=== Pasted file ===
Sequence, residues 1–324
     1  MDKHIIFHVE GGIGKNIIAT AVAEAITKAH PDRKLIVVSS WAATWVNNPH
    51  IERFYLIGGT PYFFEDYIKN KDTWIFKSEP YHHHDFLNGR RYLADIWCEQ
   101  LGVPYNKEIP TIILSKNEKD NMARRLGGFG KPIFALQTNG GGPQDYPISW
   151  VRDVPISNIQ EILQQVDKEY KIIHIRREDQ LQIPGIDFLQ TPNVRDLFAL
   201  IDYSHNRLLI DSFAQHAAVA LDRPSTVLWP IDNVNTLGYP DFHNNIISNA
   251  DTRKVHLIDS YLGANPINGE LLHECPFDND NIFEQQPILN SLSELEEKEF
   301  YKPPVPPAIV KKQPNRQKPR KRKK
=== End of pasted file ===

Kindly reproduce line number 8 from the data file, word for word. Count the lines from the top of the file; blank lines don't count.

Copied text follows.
   301  YKPPVPPAIV KKQPNRQKPR KRKK